Then, in April 2014, my beautiful baby boy came into the world. A second after delivery, his quiet cry pierced the air and I sobbed with joy. If I thought I had let go of perfectionism in my childless days, well, then, color me delusional. Life had more lessons to share.

There is absolutely no room for perfection in parenting. No median. No bike lane. You will screw up. You will doubt yourself at every turn. Consider this daily stream-of-consciousness conversation that must happen in the mind of every mother out there:

Has he had enough to eat? Is he full? Does he need to nap? Wait, the books say I should do it this way... but then someone told me it worked for her baby, so... Should we be worried about that red dot on his skin? What if I did this wrong? Are we cuddling him too much? Are we not cuddling him enough? I knew should have done more skin-to-skin contact with him in those first few months. Did I ruin him for life? Should I offer him more bottle before bed? What if I'm not reading enough to him? Is he crying because I did something horrible and didn't know it? Wait...he's not sharing his toy? Oh no, what did we do wrong?!!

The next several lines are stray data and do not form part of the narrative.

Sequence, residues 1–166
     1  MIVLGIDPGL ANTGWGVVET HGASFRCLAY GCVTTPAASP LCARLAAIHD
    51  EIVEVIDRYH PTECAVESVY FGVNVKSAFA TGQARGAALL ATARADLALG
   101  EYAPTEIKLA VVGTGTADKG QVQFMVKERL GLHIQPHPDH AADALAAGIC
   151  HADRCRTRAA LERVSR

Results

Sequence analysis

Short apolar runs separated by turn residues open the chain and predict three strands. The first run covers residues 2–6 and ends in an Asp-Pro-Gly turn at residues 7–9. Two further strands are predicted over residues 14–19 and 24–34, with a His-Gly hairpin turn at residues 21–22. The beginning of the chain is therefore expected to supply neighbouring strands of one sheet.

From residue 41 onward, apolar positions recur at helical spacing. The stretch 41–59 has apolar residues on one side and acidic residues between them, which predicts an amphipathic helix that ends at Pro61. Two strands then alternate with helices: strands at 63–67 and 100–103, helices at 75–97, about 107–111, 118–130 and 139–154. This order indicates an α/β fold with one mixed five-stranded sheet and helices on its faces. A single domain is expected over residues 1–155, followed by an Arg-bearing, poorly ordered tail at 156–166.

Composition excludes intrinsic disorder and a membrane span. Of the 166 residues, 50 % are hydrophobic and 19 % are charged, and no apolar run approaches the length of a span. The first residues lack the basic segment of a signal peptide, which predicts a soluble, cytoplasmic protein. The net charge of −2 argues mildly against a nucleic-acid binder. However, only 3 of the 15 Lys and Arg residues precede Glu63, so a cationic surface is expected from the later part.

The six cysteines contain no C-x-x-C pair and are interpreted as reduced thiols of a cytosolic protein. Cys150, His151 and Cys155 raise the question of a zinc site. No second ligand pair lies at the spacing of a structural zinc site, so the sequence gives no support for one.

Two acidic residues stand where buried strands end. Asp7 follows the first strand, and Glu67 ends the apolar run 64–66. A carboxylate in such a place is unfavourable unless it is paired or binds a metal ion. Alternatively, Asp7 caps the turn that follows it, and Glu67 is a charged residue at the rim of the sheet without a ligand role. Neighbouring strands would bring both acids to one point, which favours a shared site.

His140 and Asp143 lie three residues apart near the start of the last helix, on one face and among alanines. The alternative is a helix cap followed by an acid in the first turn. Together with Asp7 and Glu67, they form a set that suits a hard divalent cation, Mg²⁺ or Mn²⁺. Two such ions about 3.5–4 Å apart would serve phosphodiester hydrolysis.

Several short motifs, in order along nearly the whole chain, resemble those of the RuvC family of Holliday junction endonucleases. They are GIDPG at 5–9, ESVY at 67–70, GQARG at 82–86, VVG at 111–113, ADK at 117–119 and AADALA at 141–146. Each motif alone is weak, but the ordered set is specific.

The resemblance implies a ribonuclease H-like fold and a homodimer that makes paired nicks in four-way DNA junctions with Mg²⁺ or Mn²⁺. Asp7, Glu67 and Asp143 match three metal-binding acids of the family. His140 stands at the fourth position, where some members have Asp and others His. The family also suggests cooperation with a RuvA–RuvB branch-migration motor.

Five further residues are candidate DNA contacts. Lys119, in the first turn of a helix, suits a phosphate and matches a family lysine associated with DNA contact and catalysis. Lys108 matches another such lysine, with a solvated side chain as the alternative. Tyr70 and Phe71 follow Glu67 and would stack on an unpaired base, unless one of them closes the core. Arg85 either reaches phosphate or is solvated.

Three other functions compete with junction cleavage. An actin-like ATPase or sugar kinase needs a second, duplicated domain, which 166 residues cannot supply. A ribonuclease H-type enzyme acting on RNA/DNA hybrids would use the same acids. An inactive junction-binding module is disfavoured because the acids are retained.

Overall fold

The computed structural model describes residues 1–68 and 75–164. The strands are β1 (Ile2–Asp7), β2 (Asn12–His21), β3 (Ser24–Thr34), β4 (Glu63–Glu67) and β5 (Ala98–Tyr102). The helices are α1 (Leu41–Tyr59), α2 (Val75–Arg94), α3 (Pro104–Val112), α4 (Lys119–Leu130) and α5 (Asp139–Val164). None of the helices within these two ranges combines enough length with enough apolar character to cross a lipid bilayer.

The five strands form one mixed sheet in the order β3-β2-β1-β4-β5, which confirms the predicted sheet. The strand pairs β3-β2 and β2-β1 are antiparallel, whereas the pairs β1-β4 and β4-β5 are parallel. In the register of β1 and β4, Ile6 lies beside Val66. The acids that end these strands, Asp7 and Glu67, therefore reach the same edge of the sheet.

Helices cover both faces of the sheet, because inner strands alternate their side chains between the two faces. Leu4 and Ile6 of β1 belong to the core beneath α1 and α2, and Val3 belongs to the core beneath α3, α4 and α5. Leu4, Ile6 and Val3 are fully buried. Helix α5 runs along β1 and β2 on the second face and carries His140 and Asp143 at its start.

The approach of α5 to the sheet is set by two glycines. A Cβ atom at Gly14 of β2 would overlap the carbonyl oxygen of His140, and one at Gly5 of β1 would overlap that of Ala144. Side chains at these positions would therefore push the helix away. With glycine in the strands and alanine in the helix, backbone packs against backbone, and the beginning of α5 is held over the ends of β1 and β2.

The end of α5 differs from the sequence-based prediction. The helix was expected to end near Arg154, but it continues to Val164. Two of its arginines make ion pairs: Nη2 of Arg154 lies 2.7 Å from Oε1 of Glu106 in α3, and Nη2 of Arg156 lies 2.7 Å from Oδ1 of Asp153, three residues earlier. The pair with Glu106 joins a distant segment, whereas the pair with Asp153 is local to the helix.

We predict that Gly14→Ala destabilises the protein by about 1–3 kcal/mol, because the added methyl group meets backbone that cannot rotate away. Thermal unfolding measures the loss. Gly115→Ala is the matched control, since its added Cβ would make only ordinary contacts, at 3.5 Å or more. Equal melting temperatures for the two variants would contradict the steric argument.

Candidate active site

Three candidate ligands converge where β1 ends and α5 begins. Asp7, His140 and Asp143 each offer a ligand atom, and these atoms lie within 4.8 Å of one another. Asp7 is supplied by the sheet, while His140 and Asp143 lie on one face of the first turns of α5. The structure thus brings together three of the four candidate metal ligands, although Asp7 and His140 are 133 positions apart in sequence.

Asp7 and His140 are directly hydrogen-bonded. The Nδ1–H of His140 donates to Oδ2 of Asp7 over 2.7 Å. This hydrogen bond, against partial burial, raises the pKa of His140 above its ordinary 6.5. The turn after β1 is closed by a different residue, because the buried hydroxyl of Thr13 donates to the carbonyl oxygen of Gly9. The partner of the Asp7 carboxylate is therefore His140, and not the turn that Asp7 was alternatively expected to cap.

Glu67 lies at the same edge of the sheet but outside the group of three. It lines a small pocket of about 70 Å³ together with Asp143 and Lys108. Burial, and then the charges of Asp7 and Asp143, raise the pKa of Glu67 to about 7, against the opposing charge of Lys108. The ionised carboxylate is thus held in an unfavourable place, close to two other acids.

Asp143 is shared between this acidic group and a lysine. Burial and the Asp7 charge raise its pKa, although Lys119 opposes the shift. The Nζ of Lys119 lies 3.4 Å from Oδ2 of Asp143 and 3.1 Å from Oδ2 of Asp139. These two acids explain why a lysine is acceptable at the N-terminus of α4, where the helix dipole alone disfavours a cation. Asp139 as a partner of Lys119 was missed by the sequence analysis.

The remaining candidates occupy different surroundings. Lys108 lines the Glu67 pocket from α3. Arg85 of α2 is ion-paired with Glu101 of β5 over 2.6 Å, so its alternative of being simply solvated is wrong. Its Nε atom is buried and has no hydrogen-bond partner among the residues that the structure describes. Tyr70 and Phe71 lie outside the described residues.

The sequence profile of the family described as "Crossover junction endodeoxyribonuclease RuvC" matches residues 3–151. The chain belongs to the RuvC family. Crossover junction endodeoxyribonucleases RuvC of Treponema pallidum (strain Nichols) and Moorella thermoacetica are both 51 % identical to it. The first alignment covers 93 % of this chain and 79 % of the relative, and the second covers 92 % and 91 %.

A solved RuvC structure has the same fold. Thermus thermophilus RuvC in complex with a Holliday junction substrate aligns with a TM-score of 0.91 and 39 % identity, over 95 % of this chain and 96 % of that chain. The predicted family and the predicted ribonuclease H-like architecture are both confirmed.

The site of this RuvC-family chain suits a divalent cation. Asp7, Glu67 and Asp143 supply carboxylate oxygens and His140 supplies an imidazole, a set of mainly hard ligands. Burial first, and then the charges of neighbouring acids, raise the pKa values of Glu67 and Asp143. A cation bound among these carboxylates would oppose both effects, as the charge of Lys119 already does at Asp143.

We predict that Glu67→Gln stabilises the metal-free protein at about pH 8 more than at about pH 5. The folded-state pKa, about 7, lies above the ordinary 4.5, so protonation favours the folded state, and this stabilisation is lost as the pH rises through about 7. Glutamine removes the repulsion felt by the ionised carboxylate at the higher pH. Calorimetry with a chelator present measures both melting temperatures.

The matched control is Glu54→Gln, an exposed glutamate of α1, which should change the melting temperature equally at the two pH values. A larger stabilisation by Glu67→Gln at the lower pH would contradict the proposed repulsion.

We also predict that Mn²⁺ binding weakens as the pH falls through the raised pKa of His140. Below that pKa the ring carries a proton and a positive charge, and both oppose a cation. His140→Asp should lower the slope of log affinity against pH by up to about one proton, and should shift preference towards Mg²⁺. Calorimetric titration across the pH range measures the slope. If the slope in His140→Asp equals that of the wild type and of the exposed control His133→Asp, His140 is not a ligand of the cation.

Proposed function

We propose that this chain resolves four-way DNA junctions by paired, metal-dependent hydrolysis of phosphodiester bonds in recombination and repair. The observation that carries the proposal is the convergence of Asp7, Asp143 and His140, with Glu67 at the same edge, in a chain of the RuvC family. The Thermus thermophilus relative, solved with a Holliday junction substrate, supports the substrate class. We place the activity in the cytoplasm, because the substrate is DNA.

For a perfectionist, parenting is one of Dante's Circles of Hell. You can't possibly know the "right" answer because there is none. The entire experience is one cruel trick question. There are no nice, neat answers like when you once memorized vocabulary words for a Spanish 101 test. There is no grade scale, no answer key and no gold star based on the exact right thing to do.

Motherhood -- and parenthood, for that matter, because my husband experiences this on a daily basis as well -- is just not that simple. We have to learn to embrace it as it is and let it go, the hardest thing for a perfectionist to do.